FREETOWN, Sierra Leone (AP) -- An outbreak of cholera in West Africa has infected more than 13,000 people and killed at least 258 people in Sierra Leone and Guinea, authorities said as they appealed for international assistance.
Sierra Leone's President Ernest Bai Koroma has declared the outbreak there an "emergency issue," and has set up a task force to prepare the budget that will be needed to stem the outbreak.
"All of this is the aftermath of the 11 years rebel war when we had a huge rural-to-urban migration and a huge population clustered in the urban area where adequate provision has not been made for water and sanitation. This is what we have been witnessing today," Minister of Health and Sanitation Zainab Hawa Bangura told The Associated Press.
She said that in the capital, Freetown, there have been about 100 deaths during the past month, especially in congested areas. That brings the total to at least 176 dead in Sierra Leone, while 82 deaths have been reported in neighboring Guinea.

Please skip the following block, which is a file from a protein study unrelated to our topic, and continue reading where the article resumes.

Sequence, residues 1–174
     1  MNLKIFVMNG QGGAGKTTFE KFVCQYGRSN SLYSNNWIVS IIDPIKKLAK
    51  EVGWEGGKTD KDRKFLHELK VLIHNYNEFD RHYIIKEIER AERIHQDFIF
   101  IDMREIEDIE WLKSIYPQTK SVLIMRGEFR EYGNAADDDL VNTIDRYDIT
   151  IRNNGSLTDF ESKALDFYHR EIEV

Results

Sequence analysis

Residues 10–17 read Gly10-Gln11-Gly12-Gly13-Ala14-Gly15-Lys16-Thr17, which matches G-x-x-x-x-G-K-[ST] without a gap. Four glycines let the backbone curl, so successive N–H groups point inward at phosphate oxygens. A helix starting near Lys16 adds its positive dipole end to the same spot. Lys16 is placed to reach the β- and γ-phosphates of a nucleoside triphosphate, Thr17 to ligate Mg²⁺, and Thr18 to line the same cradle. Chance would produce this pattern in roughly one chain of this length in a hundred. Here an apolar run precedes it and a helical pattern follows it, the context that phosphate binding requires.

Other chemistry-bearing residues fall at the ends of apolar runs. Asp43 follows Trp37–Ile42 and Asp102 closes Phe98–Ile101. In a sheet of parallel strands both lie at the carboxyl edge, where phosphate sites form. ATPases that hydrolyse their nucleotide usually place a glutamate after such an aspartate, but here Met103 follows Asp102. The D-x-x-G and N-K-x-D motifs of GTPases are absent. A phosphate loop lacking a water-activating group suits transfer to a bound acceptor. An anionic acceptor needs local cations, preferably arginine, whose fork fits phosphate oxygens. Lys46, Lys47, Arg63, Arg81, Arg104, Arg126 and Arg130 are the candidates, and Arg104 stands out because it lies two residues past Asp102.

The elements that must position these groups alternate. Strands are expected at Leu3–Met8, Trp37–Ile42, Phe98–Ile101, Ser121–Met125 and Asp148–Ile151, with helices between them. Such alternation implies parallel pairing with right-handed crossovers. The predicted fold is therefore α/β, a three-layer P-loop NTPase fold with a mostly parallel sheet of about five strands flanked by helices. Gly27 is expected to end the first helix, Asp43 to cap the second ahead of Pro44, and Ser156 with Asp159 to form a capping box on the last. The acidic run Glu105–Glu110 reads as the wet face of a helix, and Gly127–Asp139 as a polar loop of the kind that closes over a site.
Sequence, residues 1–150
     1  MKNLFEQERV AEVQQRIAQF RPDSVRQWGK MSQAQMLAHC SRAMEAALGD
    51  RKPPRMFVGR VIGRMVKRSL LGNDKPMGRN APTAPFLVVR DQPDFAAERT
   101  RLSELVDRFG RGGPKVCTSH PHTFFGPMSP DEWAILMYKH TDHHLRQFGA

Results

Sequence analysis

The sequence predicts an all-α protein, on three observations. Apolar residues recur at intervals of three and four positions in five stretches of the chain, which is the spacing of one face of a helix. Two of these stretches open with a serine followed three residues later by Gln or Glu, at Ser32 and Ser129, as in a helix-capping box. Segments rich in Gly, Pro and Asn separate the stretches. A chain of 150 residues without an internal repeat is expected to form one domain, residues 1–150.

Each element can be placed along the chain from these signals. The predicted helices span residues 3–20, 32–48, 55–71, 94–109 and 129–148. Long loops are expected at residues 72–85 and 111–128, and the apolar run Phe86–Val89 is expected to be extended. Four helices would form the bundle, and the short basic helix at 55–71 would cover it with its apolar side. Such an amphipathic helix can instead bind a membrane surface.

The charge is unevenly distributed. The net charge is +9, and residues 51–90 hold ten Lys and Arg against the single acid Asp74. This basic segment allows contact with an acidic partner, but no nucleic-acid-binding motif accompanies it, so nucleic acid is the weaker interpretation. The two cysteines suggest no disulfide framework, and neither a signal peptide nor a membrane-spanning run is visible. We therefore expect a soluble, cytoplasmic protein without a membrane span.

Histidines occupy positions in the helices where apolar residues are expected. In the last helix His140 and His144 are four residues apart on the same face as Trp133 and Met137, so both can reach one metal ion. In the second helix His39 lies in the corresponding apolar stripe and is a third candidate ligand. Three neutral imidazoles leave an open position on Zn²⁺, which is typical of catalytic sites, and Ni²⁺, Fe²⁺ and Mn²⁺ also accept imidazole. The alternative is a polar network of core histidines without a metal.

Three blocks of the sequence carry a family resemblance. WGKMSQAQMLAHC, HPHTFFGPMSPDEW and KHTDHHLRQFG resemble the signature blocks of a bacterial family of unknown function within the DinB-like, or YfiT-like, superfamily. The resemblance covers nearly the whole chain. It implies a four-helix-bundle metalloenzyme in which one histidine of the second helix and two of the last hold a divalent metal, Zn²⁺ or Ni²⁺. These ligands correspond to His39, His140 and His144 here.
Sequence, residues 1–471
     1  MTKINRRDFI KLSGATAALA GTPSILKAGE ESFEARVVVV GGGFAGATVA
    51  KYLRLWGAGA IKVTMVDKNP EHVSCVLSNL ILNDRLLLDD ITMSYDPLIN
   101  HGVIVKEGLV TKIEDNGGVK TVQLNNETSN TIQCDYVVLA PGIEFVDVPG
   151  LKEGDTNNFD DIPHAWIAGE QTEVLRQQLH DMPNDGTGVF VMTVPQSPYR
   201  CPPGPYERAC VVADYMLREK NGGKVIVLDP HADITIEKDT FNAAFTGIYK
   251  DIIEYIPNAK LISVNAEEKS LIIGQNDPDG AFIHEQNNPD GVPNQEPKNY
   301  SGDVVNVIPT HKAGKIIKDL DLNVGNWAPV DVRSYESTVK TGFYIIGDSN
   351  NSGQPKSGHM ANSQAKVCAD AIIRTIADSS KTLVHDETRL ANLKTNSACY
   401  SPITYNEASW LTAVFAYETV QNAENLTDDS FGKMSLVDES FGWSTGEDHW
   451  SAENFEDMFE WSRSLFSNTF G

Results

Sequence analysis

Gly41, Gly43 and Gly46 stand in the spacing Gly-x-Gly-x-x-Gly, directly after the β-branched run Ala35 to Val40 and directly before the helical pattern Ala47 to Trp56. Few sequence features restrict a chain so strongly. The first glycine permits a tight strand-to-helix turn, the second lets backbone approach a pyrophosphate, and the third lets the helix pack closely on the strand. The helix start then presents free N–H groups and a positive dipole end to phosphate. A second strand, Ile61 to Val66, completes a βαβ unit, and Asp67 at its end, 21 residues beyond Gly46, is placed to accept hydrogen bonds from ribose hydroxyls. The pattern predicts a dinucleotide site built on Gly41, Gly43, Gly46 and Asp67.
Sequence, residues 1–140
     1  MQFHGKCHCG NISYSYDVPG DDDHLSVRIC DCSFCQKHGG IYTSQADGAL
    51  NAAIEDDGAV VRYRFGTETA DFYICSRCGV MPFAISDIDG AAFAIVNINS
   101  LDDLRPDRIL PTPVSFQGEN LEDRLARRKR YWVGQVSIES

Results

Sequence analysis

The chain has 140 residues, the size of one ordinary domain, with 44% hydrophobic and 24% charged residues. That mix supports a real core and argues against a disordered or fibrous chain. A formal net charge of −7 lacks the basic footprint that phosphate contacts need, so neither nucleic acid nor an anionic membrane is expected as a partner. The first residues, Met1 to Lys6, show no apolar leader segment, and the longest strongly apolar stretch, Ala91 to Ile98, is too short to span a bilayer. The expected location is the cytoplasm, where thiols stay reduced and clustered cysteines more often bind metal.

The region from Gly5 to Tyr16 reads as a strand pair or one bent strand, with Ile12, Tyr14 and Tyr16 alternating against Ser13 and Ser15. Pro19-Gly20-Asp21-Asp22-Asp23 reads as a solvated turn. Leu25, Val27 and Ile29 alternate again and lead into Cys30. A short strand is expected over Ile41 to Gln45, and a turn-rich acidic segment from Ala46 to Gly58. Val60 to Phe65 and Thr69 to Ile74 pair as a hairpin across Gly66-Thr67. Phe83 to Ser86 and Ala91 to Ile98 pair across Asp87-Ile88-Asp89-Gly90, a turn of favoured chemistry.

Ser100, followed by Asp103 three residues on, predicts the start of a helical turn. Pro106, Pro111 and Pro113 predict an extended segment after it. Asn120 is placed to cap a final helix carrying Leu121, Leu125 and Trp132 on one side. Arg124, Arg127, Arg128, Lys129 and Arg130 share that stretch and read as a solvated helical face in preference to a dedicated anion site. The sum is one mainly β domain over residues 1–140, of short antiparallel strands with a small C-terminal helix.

"It is important to request help from the international community in order to spread the mobilization of resources," she said.
Cholera is an infection of the small intestine, contracted by eating or drinking contaminated food or liquids. It can cause acute diarrhea and vomiting and can kill within hours.
The International Federation of Red Cross and Red Crescent Societies said there has been a spike in reported cholera cases since mid-July and the onset of the rainy season. Over the past five weeks, 6,000 cases alone have been confirmed in Sierra Leone and many other cases might not been officially reported.
"This current outbreak of cholera has the potential to be devastating and is proving very difficult to control," said Amanda McClelland, IFRC emergency health coordinator. "We are particularly concerned by the rising numbers in Freetown, which suffers from overcrowding, poor sanitation and lack of safe water access -- all factors which contribute to this deadly disease."
Parts of Mali and Niger have also been affected by the outbreak, the Red Cross said.
Associated Press writer Boubacar Diallo in Conakry, Guinea contributed to this report.